A nematode, Meloidegyne incognitia infects the roots of tobacco plants. It feeds on root cells and causes them to grow into large knots. Its infection reduces the yield largely. The strategy adopted to protect tobacco plants is RNA interference, which is a naturally occurring mechanism in all eukaryotes as a method of cellular defence that leads to silencing of specific genes. This method involves silencing of specific mRNA due to formation of dsRNA molecule. This dsRNA molecule prevented the translation of the original mRNA.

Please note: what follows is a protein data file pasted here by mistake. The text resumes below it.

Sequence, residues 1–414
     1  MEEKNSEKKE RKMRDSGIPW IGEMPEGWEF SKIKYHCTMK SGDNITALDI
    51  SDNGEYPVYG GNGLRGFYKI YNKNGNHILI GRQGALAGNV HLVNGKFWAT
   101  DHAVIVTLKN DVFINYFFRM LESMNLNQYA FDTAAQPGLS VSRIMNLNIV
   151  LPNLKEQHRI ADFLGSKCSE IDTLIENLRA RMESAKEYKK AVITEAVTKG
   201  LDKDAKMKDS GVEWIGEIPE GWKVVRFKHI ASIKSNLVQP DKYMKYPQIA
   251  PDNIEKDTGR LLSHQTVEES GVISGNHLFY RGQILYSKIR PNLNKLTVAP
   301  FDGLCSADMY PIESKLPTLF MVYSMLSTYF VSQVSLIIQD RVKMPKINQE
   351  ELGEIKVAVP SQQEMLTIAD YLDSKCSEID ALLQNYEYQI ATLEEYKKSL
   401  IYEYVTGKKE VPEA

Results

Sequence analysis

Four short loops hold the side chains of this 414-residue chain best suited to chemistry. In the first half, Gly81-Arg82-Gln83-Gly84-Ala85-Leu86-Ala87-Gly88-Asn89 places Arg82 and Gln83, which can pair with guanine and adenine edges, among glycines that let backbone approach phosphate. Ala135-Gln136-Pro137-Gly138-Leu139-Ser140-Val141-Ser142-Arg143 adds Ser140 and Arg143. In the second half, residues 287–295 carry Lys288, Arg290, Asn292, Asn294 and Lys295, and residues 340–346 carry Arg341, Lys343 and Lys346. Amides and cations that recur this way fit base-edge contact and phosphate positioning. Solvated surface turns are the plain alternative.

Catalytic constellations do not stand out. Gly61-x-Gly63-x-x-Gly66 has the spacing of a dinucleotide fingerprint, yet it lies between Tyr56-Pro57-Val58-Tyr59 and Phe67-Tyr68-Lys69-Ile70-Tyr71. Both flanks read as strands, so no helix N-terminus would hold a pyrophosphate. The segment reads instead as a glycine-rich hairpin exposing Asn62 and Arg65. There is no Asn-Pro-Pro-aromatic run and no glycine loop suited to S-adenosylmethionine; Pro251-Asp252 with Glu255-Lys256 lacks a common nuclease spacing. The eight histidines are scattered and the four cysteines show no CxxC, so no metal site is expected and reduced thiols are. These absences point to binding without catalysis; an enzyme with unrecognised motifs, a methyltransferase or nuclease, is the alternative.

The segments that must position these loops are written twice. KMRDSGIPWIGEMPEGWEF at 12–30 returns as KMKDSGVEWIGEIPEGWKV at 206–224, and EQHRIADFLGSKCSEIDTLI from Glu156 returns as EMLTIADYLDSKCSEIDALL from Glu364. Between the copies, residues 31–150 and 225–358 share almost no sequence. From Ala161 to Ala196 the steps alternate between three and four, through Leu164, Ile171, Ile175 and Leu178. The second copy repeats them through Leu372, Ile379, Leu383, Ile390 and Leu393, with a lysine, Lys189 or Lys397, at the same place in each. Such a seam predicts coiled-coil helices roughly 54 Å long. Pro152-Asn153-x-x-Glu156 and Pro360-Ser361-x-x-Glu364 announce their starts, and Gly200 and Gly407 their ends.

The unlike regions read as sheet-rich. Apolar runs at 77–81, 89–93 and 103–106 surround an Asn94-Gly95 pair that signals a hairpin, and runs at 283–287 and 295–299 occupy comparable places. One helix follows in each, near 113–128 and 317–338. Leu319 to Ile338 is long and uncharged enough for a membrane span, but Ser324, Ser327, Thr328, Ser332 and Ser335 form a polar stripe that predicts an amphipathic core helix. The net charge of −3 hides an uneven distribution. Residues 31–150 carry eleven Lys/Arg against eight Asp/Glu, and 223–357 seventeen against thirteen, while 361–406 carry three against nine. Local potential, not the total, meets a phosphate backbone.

The use of agrobacterium vectors has greatly helped in controlling Meloidegyne incognitia infestation in tobacco plants. The nematode specific genes, which were responsible for parasitism, were introduced in tobacco plants through agrobacterium vectors. The genes introduced in the host plant, produced both sense RNA and anti-sense RNA, which were complementary to each other. These two RNAs formed a dsRNA molecule, which initiated silencing of the specific mRNA in the nematode, when taken up by the parasite. As a result, the translation of mRNA in the parasite was prevented and it was unable to survive in the transgenic tobacco plant. Through RNA interference, the plant got itself protected from infestation.
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